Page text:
The third release from Ghostlight, A Second Chance, is at the opposite end of the spectrum. In Ted Shen’s thoughtful and moving tuner about a middle-aged man and woman tentatively exploring a romantic relationship, the songs sometimes have a nifty jazz vibe, while at other times they traverse swooping and circuitous melodies that tease — and sometimes taunt — the ear. It’s an exciting debut from a new voice for the theater.
You should also consider adding the Off-Broadway cast recording of David Byrne and Fatboy Slim’s Here Lies Love (Nonesuch Records) to your collection. It’s one of the most talked-about shows in New York over the past year, examining the life of Imelda Marcos and fracturing it through the energy and sound of a disco. It’s a great experience in the theater that’s been wonderfully translated onto this two-disc set, and it could very well get you dancing at home.
With Tamar of the River (Yellow Sound Label), you’ll discover one of the most unique cast albums of recent memory. For this show that revisits an Old Testament story about a woman attempting to bring peace to a war-torn land, Marisa Michelson and Joshua H. Cohen have written a score that combines tribal rhythms and percussion, Far Eastern sounds, and soaring melodies to exquisite effect. The energizing songs are made all the more powerful thanks to the work of the show’s star, Margot Seibert (who played Adrian in Rocky on Broadway). Check this one out.
For something completely different, take a listen to Heathers The Musical, another fine release from Yellow Sound Label. This one is based on the 1988 movie of the same name and has a score by Laurence O’Keefe (Legally Blonde, Bat Boy) and Kevin Murphy. This show, about the battles between the “in crowd” in a high school and some of the school’s less popular students, is a buoyant amalgamation of pop music sounds that have been outfitted with lyrics that often can be LOL funny. (A prime example is a mock musical suicide number, “The Me Inside of Me.”)
Beyond these, there are two splendid new recordings of classic shows. New World Records has just released the first-ever complete recording of Jerome Kern and Otto Harbach’s 1933 musical, Roberta, which boasts such standards as “Smoke Gets in Your Eyes” and “Yesterdays.” A remarkably talented transatlantic cast that includes Annalene Beechey, Kim Criswell, and Jason Graae, delivers the well known tunes and little-known gems from this classic with panache. It’s a stunning recording from start to finish.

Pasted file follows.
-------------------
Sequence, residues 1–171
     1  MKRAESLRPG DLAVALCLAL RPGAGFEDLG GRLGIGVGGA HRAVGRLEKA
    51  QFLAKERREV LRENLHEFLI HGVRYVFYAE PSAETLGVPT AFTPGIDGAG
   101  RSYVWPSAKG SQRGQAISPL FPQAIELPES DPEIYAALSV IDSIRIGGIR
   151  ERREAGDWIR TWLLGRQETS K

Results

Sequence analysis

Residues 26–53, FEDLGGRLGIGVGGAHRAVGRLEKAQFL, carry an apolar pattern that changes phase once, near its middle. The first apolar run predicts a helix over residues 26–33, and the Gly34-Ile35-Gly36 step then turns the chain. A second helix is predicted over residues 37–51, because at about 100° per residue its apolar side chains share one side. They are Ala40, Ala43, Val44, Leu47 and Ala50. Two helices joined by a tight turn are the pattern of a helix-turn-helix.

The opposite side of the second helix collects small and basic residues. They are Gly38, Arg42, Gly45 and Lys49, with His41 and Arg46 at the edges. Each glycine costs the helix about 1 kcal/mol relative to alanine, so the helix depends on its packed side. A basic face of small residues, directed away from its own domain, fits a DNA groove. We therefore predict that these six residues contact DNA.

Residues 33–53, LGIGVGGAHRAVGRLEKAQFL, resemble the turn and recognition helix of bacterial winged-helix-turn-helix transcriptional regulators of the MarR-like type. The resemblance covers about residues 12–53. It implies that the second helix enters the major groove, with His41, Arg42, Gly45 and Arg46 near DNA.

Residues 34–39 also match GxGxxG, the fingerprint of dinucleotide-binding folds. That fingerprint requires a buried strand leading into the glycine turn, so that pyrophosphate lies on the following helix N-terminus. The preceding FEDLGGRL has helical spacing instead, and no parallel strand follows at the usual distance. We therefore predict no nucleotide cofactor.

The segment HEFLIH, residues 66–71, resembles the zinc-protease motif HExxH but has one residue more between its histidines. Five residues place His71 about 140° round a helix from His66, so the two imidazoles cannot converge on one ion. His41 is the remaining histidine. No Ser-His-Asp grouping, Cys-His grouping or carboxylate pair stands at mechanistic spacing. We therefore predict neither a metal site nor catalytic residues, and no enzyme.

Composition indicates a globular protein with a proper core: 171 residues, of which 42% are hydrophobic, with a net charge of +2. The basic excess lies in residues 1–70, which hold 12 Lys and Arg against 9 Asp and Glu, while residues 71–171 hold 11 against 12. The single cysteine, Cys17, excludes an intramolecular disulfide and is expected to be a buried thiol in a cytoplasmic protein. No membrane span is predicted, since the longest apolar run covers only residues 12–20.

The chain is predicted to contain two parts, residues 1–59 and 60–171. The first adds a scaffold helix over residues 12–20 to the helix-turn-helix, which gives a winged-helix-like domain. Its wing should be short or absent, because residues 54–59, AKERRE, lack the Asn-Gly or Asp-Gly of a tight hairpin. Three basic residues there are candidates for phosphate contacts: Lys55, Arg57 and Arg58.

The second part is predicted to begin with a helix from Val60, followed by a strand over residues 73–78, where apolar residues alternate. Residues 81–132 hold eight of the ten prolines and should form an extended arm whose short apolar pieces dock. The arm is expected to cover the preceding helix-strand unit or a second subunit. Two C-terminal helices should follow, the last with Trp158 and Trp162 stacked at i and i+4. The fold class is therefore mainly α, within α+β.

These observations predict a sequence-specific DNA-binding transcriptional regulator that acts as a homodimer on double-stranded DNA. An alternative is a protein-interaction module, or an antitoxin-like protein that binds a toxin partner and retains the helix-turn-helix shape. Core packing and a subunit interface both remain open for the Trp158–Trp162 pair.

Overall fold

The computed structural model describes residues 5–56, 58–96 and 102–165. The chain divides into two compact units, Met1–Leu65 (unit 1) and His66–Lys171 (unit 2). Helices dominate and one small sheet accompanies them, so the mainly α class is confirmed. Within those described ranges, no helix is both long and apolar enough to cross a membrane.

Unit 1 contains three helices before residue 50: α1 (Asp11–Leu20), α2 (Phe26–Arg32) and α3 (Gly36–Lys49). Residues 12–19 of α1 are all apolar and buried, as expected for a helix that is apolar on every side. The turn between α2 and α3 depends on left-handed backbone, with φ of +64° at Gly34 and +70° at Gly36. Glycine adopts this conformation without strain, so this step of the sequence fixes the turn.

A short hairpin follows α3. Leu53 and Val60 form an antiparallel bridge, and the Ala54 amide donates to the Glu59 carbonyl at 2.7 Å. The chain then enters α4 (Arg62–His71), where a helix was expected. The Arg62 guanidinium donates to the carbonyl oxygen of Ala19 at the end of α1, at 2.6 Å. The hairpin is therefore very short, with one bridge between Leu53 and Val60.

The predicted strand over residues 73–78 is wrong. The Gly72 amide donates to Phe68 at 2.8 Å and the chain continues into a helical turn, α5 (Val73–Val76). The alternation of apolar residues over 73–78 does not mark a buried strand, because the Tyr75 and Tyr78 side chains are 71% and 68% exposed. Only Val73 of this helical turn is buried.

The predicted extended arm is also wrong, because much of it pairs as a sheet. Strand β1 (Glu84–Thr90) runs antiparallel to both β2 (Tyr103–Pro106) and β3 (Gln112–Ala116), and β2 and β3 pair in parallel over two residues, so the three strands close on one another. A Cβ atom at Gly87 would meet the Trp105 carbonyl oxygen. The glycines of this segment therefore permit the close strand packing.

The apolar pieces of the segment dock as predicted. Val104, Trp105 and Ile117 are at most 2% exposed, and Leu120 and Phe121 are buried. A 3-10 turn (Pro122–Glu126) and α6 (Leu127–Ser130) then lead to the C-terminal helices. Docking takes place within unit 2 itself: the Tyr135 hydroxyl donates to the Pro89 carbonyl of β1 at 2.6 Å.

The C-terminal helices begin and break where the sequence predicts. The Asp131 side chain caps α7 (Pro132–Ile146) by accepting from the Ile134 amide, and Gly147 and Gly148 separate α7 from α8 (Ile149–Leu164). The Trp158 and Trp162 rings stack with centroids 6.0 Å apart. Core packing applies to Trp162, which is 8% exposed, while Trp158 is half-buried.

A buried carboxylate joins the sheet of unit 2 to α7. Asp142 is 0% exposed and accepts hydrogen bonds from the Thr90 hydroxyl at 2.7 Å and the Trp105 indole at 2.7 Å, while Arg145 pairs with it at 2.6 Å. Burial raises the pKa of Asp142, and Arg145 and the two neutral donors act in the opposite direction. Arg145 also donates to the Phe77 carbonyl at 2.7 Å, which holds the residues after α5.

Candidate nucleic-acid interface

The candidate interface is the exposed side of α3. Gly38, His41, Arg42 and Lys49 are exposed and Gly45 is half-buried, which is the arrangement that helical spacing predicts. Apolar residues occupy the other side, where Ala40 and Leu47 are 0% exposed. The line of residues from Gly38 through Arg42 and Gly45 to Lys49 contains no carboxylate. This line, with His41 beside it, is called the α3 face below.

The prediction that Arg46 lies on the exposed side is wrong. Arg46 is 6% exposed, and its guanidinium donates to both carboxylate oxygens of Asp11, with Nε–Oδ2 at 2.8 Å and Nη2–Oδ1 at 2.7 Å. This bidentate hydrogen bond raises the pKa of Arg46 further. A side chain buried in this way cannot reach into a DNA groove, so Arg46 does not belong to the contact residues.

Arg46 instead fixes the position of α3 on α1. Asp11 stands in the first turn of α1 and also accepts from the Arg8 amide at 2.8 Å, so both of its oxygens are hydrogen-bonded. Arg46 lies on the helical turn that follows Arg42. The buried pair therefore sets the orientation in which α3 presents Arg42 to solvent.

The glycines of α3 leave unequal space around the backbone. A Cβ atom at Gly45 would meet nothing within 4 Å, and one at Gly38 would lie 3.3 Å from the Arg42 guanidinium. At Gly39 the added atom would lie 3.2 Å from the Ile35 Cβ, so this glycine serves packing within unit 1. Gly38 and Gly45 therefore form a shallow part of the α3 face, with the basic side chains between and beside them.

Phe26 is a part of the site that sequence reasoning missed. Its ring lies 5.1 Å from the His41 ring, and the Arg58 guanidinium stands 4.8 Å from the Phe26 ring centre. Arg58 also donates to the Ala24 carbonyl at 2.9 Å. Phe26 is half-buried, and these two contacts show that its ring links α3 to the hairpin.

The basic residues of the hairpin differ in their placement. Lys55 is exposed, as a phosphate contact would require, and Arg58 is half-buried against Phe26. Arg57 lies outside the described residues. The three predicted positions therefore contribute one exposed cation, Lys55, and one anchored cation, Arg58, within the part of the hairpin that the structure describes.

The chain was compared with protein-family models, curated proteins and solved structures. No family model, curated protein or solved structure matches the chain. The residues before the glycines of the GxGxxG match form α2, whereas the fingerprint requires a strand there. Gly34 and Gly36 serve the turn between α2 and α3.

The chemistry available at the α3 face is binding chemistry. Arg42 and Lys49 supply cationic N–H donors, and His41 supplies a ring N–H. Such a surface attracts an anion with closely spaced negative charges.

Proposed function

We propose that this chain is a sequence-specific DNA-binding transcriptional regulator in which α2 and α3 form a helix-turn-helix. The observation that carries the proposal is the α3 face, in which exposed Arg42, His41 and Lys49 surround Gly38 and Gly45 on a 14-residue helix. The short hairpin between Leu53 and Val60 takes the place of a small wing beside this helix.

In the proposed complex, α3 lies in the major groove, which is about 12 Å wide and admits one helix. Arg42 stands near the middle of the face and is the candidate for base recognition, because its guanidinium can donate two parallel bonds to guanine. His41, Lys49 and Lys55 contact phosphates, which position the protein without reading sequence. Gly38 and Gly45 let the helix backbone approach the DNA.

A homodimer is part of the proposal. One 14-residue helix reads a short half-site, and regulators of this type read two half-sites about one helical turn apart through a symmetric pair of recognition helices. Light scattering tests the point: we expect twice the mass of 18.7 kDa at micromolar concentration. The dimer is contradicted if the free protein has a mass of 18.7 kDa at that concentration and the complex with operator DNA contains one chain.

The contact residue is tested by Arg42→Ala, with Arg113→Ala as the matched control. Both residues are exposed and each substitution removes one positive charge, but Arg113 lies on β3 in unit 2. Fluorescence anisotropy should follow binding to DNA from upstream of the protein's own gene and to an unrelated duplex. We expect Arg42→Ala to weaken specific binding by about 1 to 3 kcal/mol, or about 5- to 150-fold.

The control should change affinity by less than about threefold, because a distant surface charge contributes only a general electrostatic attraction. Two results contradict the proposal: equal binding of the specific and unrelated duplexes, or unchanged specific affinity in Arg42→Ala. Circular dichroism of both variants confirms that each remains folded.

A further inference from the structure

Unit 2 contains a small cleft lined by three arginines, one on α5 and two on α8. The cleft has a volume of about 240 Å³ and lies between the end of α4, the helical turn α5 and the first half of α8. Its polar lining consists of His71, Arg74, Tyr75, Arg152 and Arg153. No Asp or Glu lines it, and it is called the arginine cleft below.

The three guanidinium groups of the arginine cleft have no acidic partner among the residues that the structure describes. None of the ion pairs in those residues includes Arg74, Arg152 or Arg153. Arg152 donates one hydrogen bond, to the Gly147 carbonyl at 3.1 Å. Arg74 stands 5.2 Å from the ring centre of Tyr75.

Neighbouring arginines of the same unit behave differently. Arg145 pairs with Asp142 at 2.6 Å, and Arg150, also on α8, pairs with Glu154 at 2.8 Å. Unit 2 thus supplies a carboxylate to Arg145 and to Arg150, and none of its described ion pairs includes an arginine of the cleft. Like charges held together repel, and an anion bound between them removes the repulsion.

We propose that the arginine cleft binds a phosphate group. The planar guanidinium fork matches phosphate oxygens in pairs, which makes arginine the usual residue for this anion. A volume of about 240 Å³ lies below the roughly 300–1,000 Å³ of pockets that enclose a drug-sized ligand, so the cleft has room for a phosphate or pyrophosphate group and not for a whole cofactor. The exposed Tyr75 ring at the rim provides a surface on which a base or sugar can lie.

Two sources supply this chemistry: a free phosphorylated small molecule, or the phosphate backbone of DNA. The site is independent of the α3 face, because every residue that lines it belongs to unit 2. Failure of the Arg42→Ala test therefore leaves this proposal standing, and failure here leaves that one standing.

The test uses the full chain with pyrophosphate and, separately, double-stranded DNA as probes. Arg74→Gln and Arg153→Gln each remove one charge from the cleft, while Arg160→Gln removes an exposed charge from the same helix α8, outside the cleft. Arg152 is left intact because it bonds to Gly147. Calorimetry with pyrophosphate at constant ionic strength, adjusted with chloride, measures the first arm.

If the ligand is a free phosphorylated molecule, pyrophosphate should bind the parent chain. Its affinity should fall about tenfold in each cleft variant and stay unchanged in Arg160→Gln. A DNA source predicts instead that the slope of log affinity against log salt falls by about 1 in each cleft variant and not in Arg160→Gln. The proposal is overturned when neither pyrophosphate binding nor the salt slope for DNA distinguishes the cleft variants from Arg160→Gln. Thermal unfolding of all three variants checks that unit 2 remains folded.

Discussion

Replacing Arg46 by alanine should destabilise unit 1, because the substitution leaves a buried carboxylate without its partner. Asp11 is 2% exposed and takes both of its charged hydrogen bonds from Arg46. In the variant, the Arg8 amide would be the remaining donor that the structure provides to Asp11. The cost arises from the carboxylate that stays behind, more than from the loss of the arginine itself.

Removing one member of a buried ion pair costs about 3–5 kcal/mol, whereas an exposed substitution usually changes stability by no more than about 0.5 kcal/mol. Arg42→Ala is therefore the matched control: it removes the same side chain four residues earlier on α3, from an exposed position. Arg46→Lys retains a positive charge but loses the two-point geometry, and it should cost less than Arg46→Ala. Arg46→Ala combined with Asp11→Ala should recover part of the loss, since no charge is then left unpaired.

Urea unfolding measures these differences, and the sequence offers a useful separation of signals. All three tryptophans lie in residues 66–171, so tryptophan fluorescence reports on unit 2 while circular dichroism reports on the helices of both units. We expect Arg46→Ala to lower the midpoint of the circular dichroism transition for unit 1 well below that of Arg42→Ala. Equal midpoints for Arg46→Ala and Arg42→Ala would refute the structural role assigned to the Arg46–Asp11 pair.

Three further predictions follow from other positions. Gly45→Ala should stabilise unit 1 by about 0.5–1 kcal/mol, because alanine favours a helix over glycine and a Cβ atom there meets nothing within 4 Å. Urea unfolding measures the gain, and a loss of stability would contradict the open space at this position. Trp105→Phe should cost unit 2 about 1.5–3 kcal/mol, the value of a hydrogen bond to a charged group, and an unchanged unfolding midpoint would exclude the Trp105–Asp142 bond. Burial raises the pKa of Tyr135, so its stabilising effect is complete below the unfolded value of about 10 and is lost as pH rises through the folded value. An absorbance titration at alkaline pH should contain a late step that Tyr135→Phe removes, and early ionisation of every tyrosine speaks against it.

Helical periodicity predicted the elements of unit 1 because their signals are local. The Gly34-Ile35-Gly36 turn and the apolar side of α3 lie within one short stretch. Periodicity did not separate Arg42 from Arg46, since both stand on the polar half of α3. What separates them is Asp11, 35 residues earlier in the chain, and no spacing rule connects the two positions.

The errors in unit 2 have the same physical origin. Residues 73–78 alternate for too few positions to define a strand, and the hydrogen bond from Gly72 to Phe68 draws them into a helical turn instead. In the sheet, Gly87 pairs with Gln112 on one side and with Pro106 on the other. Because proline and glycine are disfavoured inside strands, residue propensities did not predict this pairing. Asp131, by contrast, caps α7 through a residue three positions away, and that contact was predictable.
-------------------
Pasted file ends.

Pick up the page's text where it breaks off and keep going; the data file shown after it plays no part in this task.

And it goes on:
Another complete recording of a classic musical is the San Francisco Symphony’s exceptional West Side Story (SFSMedia). Headlining the cast are Cheyenne Jackson (Fox’s Glee, Finian’s Rainbow on Broadway) and Alexandra Silber (Master Class) as Tony and Maria, respectively. The two are marvelously effective and affecting as the doomed young lovers, and what might impress most is that they capture the youthful impetuousness of the characters even as they deliver the music with crystalline perfection. Their work and the symphony’s combine to make this West Side concert recording feel exceedingly theatrical.
There are a couple of new cast recordings from the U.K. that you should bear in mind. The first is Miss Saigon: The Definitive Live Recording (Verve). This one preserves the new production of the Alain Boublil–Claude-Michel Schoenberg musical about at an American GI’s ill-fated romance with a young Vietnamese woman currently running at the Prince Edward Theatre in London. There have been some slight changes to the show (all for the better) and the new leads, Jon Jon Briones (The Engineer) and Eva Noblezada (Kim), are pretty fantastic.